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In the summer of 2007, I spent 72 hours living and performing in a Victorian boudoir I designed and installed on a traffic island in Union Square. Fashionably Late for the Relationship was a collaboration with video artist R. Luke Dubois and earned us considerable press as it was covered extensively by the New York Times and other media. A few days after closing Fash (as we called it), I had coffee with world-famous director (and my former NYU professor) Richard Schechner and he told me that the next project had to be something completely different than Fash. He explained that everyone would be wanting another long-form, visually stunning, extreme performance art installation, and he warned against trying to do something similar a second time. A few days later, I approached Richard with my next idea: a monologue. A simple monologue in the style of Spalding Gray. I knew that Richard had directed Gray in six productions in the 60s and 70s and I asked him to direct me in this next project.
I trace this project back to my time at the UMass Department of Theater for several reasons. Professor Julian Olf, my mentor and advisor, was the person who directed me toward the Performance Studies Department at NYU, where I would eventually meet Richard, who was Julian’s former professor, For some reason I stood out to Richard when I took his directing course, and we maintained a close relationship throughout my career. Over the years, Richard attended four different shows of mine in New York City.
Additionally, it was in Julian’s Theater 120 class that I first learned of Spalding Gray:
When I was 18, a freshman theater major at UMass Amherst, several friends and I were doing aproject on “performance art” for our introduction to theater course. As part of our research we all sat around a tiny dorm room plastered with posters of Clockwork Orange and Trainspotting and together we watched [Spalding Gray’s] Swimming to Cambodia. A few days later we found out that the man in the movie was coming to our town to do one of his monologues at the public library. (excerpt from Swimming to Spalding)
to see Spalding at the Jones Library in the center of Amherst and was
amazed by the simplicity of the work: one man sitting at a table, telling
a story. That
image was burned into me from the very moment Gray began to speak. When
Richard suggested that my next project be something completely different
than anything I had done before, I knew I had to return to Spalding.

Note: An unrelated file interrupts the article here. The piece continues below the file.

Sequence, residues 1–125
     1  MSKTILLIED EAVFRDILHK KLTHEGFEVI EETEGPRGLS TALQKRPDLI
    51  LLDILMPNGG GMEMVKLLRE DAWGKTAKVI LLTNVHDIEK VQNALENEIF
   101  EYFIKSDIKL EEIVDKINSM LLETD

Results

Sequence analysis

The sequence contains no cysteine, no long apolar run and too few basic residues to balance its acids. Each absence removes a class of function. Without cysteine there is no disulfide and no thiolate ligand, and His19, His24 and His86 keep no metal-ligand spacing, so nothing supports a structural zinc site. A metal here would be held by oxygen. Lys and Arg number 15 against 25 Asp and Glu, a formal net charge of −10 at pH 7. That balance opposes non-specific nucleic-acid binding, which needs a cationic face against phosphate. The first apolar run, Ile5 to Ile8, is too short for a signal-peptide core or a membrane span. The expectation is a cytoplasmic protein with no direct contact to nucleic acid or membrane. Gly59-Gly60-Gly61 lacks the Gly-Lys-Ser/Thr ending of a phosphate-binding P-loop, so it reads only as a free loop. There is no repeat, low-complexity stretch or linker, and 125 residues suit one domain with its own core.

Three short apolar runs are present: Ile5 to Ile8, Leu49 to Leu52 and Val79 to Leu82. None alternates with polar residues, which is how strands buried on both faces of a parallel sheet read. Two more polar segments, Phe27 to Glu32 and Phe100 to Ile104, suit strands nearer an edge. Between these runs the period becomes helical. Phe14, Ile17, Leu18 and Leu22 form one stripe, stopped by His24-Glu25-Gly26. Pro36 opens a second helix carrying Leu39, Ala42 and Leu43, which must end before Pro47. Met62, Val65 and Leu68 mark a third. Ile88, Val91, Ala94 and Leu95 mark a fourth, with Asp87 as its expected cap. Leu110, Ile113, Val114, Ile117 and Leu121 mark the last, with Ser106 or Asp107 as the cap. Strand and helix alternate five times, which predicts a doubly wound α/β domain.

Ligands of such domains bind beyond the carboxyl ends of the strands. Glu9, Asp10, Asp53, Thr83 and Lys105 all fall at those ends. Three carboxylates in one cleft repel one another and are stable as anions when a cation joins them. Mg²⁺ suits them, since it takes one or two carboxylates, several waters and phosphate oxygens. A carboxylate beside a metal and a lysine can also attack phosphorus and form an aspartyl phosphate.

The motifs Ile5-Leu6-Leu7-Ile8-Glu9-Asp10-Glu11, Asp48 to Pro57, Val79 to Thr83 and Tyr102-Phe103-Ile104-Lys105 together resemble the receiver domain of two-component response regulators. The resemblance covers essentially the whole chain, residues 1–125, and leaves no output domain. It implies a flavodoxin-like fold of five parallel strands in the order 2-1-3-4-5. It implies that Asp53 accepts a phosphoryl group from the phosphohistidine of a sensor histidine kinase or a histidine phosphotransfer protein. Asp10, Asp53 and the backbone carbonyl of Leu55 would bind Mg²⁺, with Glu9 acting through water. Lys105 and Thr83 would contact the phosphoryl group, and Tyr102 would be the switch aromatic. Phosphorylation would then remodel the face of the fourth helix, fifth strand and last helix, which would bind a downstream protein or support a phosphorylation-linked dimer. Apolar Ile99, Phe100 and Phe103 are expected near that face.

The premise behind Swimming to Cambodia was Spalding’s role in the movie, The Killing Fields, which he used to talk about U.S. occupation and the war in Cambodia. Interspersed throughout his script were Spalding’s commentaries on conversations he had with strangers, neighbors and other actors working on the film with him and his continuous search for the “perfect moment.” I knew that I wanted to find a way to update the political poignancy of Spalding’s history lesson on U.S. occupation by addressing the wars in Iraq and Afghanistan, and I would follow the same dramaturgical arc as Spalding did. So, nearly a year after I first pitched the idea to Richard, I went to Thailand, accompanied by my friend and collaborator Erin Wood, and I followed Spalding’s path through Bangkok and Phuket. I had no idea what would happen; I just knew I would go where Spalding went and I would see what I could make from it.
After my return, I noticed themes that began in Thailand were reverberating and echoing; different voices were telling converging stories. As I wrote, I found that my script for Swimming to Spalding was often making contact with Swimming to Cambodia in ways I didn’t expect. Structurally, I use a similar dramaturgical arc, beginning with smoking a “Thai Stick,” winding my way toward my “perfect moment,” and ending with a loop back to where I began. The political consciousness of the play developed clearly as I recounted the stories of three soldiers I met over the course of the year and a half I was working on the script. What started out as an experiment with storytelling turned into a self-conscious critique of the human effects of war. By the time the script was done, Richard and I were ready to begin our three-month rehearsal period (September 2009-November 2009).